Dribble Handoff: Which four-year college player in the 2020 NBA Draft class will have the best pro career?

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The three biggest stars in the NBA Finals took three distinct paths to the NBA. LeBron James jumped straight to the professional ranks after high school, while Lakers teammate Anthony Davis played one season of college basketball at Kentucky. Both were No. 1 picks in their respective drafts after taking the quickest path available to the NBA (rules had changed to keep high school prospects from entering the draft by the time Davis came along).

But Miami Heat leader Jimmy Butler’s journey to the game’s highest level looked much different than the paths James and Davis took. He played at a junior college in Texas before transferring to Marquette, where he exhausted his collegiate eligibility before the Bulls selected him 30th overall in the 2011 NBA Draft.

Several other NBA Finals contributors also exhausted their collegiate eligibility, including Jae Crowder, Duncan Robinson and Kendrick Nunn of the Heat. Same for Danny Green and Alex Caruso of the Lakers. Of the group, Butler was the only one taken in the first round in the NBA Draft. 

But he and the other former four-year college players prove that you can still find your way to the NBA spotlight even without one-and-done hype. With that in mind, our writers responded to the following prompt for this week’s dribble handoff: Which four-year college player in the 2020 NBA Draft class will have the best pro career? If you think it’s an easy question, go look at the 2020 prospect rankings. There are some intriguing choices but no obvious answer.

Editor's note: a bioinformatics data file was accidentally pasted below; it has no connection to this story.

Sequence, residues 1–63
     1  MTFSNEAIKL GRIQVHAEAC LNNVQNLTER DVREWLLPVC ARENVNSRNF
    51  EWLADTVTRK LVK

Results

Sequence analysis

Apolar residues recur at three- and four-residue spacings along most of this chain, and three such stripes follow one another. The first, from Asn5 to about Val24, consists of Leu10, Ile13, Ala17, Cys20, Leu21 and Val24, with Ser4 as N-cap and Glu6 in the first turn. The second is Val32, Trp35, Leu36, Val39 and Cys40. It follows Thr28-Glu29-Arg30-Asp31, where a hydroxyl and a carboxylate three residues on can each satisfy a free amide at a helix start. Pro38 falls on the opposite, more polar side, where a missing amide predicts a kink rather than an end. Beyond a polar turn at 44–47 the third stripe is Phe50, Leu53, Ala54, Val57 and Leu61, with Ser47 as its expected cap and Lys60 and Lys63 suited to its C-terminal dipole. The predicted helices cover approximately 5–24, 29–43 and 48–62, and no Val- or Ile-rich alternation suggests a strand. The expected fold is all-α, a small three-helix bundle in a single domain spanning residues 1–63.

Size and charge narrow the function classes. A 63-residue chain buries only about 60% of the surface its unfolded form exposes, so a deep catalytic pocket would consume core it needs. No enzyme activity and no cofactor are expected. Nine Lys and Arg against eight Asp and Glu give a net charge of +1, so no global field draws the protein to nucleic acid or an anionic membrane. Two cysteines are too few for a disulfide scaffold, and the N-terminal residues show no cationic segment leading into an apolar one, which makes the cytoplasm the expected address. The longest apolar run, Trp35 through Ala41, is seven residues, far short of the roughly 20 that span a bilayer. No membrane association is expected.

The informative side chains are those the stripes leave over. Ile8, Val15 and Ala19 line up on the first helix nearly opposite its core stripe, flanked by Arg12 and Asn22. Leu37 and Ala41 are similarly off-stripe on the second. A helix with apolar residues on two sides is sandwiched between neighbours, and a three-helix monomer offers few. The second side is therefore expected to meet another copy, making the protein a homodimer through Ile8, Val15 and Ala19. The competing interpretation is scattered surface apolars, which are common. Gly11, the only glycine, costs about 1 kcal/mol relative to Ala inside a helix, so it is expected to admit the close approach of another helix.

Cassius Winston, Michigan State

My favorite thing about this Heat team is how it’s made up of such an unlikely cast of characters while the Lakers’ starting lineup features the No 1. pick of the 2003 NBA Draft (LeBron James), the No. 1 pick of


On second day of draft, Bruins went old school with four college prospects

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All four are American players with NCAA ties.

Lohrei has committed to Ohio State for 2021. Kuntar is at Boston College after his original choice, Harvard, postponed its season. Langenbrunner, the son of Bruins director of player development Jamie Langenbrunner, will head to Harvard next fall. Duran, from Woburn, will enroll at Providence in 2021.

General manager Don Sweeney did not add a draft pick for the rights to UFA-to-be Torey Krug, or make any other trades on Wednesday. When the free agent market opens at noon Friday, replacing Krug may be his first order of business.

“We have to improve, whether that’s through internal growth or acquisition,” Sweeney said. “We’re not as good as we need to be. We’re going to explore everything. Our cap situation is good, but you can tip that upside down in a hurry.”

Sweeney bowed out of the draft a round early, dealing his seventh-round pick (213th) to the Maple Leafs for a seventh-rounder in 2021.

His first two picks were late-bloomers. Both Lohrei (LORE-eye) and Kuntar were eligible in 2019, but both went undrafted.

“I felt like I was being overlooked but it’s the way things go,” said Lohrei, a 6-foot-4, 204-pound, left-shot defenseman out of USHL Green Bay. Scouts consider the Madison, Wisc., product a rangy, poised, two-way rearguard. But he was not ranked by NHL Central Scouting until the final list of 2020, when he placed 132nd overall.

“I wouldn’t say it was a struggle not being on lists or not getting drafted,” he said. “Kind of just kept my head down and went to work every day because I knew that this would come. And here we are. I couldn’t be happier.”

Lohrei grew “significantly” over the last year, Bruins director of scouting Ryan Nadeau said, and transitioned from forward